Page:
One year later (or EPSO is making a fool of itself)

In case you ever wanted to work for any European Institution (European Commission, European Parliament, …) you should know that the whole application process is carried out by the European Personnel Selection Office (EPSO). The idea is to centralize all public calls in a single institution to optimize resources and, of course, to minimize unfair recommendations.

With things as they are I decided last year to apply for one of these calls (CAST27) to become a Contractual Agent (limited term contract). I did the first test by the end of July, and by mid-September I knew I had passed the exam.

Then I was invited to participate in a second exam in mid-December, with results expected to be published by the end of March (2008). As you see the process is pretty slow, what is understandable, we’re thousands of candidates applying for many different positions, and everything has to be done properly and transparently.

The problem is that unfortunately these dates were never met. The following text is a summary of the communications we have got from EPSO during the last months (everything is publicly accessible here, except few personal communications I got through the EPSO system for registered candidates).

  • 15 November 2007 (exam announcement): “Competence test on 14 December 2007.”
  • 16 January 2008 (expected results): “Scientific Adviser (all specialisations), Translator, Graduate Engineer (all specialisations with exception of Civil engineers who sat multiple choice questions test): end of March 2008.”
  • 14 February 2008 (first delay, 1 month): “Updated indicative dates for publishing the results for the remaining CAST27 profiles: […] End of April 2008: Graduate Engineer, Scientific Advisers and Translator (FG IV).”
  • 29 May 2008 (second delay, 2 months!): “The marking of the competency tests for the profiles “Scientific adviser” (FG IV) and “Graduate engineer” (FG IV) is taking longer than expected due to the complexity of the marking process […]. We apologise for the additional delay in communicating the results of these remaining profiles. Further information regarding the results will be announced via our Latest News by the end of June 2008.”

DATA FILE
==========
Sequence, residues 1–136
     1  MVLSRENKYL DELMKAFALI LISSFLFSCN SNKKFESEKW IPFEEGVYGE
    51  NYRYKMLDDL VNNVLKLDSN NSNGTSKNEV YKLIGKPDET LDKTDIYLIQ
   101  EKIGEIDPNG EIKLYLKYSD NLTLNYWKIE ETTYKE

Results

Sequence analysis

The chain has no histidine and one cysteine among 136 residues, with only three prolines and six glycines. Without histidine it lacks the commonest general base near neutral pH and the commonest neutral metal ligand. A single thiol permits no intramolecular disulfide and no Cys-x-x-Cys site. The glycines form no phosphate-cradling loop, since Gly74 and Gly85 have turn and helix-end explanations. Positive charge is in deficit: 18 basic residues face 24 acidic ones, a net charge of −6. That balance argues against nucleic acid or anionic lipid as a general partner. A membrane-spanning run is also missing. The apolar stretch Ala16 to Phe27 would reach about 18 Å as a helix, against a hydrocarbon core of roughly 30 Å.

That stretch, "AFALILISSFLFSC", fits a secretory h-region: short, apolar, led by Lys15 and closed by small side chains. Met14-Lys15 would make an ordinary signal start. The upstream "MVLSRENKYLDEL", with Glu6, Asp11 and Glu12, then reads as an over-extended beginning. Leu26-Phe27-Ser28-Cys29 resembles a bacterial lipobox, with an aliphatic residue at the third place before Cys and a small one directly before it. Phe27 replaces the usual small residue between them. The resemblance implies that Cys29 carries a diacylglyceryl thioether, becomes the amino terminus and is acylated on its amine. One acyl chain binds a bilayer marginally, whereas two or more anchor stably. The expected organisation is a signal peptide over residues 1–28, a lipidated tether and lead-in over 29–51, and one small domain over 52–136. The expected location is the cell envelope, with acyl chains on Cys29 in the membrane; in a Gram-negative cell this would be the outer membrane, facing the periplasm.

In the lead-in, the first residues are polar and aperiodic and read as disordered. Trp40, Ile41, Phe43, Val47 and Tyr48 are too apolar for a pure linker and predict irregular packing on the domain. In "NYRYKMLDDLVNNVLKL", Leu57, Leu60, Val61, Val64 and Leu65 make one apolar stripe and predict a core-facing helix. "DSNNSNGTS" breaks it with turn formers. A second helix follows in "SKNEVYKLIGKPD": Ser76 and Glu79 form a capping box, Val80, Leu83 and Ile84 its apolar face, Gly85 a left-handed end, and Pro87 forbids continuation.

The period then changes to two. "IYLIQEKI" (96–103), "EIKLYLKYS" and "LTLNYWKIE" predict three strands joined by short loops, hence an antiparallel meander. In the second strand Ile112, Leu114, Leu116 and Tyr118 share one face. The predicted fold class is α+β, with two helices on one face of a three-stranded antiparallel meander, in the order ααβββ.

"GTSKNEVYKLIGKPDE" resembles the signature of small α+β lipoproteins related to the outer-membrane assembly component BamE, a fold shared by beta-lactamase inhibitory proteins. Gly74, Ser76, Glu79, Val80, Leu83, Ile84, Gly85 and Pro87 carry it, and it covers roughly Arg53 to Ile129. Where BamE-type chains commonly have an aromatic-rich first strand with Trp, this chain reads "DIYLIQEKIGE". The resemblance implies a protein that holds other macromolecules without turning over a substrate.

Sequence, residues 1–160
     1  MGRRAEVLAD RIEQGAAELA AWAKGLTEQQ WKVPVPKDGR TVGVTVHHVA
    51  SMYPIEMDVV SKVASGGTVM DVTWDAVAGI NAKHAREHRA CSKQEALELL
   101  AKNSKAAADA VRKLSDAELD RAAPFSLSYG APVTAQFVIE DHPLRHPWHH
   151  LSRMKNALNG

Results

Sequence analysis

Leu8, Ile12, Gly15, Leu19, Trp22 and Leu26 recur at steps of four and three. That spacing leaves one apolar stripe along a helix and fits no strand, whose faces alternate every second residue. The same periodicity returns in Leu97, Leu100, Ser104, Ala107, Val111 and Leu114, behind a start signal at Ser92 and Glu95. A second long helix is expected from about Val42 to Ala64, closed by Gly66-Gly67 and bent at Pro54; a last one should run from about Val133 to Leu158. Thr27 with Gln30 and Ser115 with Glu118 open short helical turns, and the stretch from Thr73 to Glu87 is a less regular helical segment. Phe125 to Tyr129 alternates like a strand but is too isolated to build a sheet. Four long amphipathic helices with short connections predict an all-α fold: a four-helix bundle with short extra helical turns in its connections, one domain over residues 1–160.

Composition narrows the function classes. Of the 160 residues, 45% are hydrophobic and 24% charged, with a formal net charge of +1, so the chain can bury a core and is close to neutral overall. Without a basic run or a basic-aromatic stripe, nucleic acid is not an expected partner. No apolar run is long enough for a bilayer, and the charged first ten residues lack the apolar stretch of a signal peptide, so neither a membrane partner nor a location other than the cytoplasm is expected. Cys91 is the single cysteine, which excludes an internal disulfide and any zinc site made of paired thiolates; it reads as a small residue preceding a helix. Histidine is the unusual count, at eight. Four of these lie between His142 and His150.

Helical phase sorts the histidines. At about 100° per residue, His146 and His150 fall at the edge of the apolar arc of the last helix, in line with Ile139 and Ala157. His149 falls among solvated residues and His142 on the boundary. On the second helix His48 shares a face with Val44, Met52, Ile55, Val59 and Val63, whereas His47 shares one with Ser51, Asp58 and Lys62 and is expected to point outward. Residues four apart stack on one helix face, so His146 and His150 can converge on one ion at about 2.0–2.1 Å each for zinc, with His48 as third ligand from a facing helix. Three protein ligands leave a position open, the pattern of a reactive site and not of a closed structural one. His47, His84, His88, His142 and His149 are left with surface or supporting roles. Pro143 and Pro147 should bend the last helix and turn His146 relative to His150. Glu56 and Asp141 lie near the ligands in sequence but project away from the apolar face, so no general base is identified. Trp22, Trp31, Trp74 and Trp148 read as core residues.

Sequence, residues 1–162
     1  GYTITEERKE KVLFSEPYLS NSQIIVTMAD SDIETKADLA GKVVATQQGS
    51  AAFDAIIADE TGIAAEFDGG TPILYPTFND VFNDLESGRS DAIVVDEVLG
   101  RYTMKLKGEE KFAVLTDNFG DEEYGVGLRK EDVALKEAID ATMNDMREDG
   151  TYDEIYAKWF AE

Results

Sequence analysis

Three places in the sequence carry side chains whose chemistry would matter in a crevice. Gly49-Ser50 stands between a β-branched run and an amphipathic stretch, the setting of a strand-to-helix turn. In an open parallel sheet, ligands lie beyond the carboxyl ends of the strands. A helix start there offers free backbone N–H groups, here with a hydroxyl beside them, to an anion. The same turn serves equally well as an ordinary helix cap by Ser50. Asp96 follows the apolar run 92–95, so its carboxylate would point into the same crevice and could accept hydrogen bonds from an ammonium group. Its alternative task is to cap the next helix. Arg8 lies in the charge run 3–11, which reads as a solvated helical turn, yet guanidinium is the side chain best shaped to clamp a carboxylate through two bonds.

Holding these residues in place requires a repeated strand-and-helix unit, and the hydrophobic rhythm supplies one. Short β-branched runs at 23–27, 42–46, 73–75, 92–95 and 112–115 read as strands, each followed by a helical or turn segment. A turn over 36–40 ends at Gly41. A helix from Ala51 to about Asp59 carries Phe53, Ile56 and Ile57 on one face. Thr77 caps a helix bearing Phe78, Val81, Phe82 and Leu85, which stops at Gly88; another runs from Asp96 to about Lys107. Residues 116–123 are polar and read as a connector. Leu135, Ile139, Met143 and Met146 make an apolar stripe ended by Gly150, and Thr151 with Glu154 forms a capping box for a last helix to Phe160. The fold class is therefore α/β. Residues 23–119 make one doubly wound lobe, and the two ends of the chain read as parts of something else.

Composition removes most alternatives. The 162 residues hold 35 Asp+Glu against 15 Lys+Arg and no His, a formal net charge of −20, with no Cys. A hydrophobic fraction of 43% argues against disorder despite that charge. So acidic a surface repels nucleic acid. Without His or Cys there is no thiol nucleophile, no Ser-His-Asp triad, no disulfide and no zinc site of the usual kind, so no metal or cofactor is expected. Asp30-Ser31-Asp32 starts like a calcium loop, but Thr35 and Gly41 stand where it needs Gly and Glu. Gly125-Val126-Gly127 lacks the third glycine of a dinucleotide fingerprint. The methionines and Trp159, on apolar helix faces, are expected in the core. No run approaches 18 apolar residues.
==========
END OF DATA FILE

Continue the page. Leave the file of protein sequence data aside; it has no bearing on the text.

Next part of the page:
• 3 July 2008 (“ehem, we have no news”): “Regarding the results of the competency tests for the profiles “Scientific adviser” (FG IV) and “Graduate engineer” (FG IV) we regret we do not have any additional news at this stage. As soon as the marks for these profiles are available, candidates will be informed of them through the Latest News.”
  • 1 August 2008 (“ops, we still have no clue”): “The marking of the selection tests for EPSO/CAST27/4/07 in which you took part has not been yet fully completed. Several tests still need to be corrected. As it is EPSO’s intention to publish the results for all candidates within your profile at the same time, I would like to inform you that the results will be communicated to you by the end of August / mid-September.”

One year after starting the process we still don’t have results for the second test (initially expected for the end of March), and all we know after two delays and two “no-news” announcements is that the “results will be communicated to you by the end of August / mid-September”. Do you want to bet? Oh come on, this is ridiculous.

All in all I’m a lucky person as I’ve got a great job and by no means I plan to move to the EU if one day I finally discover I passed the exam — the funny thing is that after passing these two tests you normally need to do lobbying to get a position! As a potential EU worker I feel unmotivated, as an European citizen, embarrassed.

Meaningful lectures

Empty, by Shaylor

How many lectures, conferences, speeches … do you attend during a year? Dozens? You go there, you take some notes, and you forget about it forever.

However, there are rare exceptions. You go to the lecture, you take some notes, and for one reason or another, you remember and review the notes once and again. That is a meaningful lecture; the guy had something to say, and fortunately you were there to listen.

I attended one of those meaningful lectures several months ago, during the stage at the Commission. We had two senior speakers: DG Research Director General José Manuel Silva Rodríguez and the Commissioner for Science and Research Janez Potočnik. They both said interesting things in a variety of topics, but I particularly remember Potočnik’s part.

He decided to give us, the young newcomers, some wise advices for a successful professional career (he is the former Slovenia’s Minister for European Affairs as he’s not yet 50, so we may say he had a successful one –ah, and he has a blog–). During his speech he pointed out the following items (please note this is not a transcription but just my notes):

  • Learn fast.
  • Be with the right people.
  • Do not go too high too quickly.
  • Do not be in a hurry for earning much money.
  • If you want to work for the Commission (*), get some years of experience outside. Both parties will benefit.

Maybe it’s not rocket science, but they definitely should be in the first chapter of every hitchhikers guide for the EU galaxy!

(*) You can probably apply this for any international organism.